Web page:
The author wishes to thank Robert I. Webb (the editor) and an anonymous referee for very helpful comments, as well as Charles Bartlett from SIFMA for providing part of the data. Financial support from Citi Foundation is gratefully acknowledged.
Cash trading and index futures price volatility†
Article first published online: 20 JUL 2010
© 2010 Wiley Periodicals, Inc.
Journal of Futures Markets
Volume 31, Issue 5, pages 465–486, May 2011
How to Cite
Li, J. (2011), Cash trading and index futures price volatility. J. Fut. Mark., 31: 465–486. doi: 10.1002/fut.20478
- Issue published online: 1 MAR 2011
- Article first published online: 20 JUL 2010
- Manuscript Accepted: JUN 2010
- Manuscript Received: JUL 2009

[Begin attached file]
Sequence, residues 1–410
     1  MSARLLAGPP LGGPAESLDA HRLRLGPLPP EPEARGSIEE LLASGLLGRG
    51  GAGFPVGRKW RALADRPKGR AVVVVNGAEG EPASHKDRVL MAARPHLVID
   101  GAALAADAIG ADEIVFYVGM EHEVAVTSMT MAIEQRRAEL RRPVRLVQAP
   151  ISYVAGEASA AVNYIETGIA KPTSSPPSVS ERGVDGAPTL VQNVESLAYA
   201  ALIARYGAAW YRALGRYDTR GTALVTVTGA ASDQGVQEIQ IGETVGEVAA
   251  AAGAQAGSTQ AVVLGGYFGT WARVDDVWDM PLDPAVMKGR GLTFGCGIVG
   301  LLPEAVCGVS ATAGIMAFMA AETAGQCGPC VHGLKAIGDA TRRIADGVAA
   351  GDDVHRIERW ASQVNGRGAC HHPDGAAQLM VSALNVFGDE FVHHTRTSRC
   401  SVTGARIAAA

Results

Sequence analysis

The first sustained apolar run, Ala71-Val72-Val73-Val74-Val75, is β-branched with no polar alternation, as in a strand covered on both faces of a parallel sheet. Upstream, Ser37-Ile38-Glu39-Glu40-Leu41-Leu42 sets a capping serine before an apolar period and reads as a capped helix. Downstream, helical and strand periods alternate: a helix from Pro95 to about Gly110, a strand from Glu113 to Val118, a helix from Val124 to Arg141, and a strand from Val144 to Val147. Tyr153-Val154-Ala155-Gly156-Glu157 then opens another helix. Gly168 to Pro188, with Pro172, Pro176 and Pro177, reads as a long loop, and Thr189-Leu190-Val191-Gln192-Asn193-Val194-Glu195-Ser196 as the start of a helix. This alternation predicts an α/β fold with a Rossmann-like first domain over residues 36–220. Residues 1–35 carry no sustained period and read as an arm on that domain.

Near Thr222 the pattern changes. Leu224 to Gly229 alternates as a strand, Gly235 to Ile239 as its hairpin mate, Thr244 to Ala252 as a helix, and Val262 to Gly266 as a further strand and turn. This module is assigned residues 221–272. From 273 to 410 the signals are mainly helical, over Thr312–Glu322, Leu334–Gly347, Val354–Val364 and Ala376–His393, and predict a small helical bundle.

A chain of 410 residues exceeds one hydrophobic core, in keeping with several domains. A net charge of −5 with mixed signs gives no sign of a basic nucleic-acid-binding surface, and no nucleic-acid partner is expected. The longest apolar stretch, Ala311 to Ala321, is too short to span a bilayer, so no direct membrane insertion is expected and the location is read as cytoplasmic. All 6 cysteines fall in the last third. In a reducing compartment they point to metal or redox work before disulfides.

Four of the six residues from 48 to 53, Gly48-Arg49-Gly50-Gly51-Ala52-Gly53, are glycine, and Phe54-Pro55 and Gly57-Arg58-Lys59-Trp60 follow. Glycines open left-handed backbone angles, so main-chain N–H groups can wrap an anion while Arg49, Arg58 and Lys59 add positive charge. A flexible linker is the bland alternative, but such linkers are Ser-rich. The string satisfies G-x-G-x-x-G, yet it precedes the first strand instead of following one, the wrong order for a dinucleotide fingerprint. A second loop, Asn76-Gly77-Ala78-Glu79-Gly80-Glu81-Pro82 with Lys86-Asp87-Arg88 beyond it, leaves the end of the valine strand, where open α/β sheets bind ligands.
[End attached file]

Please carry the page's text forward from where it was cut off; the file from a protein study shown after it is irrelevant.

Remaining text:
This study examines the effect of cash market liquidity on the volatility of stock index futures. Two facets of cash market liquidity are considered: (1) the level of liquidity trading proxied by the expected New York Stock Exchange (NYSE) trading volume and (2) the noise composition of trading proxied by the average NYSE trading commission cost. Under the framework of spline–GARCH with a liquidity component, both the quarterly average commission cost and the quarterly expected NYSE volume are negatively associated with the ex ante daily volatility of S&P 500 and NYSE composite index futures. Conversely, liquidity and noise trading in the cash market both dampen futures price volatility, ceteris paribus. This negative association between secular cash trading liquidity and daily futures price volatility is amplified during times of market crisis. These results retain statistical significance and materiality after controlling for bid–ask bounce of futures prices and volume of traded futures contracts. This study establishes empirical evidence to affirm the conventional prediction of a liquidity–volatility relationship: the liquidity effect is secular and persistent across markets. © 2010 Wiley Periodicals, Inc. Jrl Fut Mark 31:465–486, 2011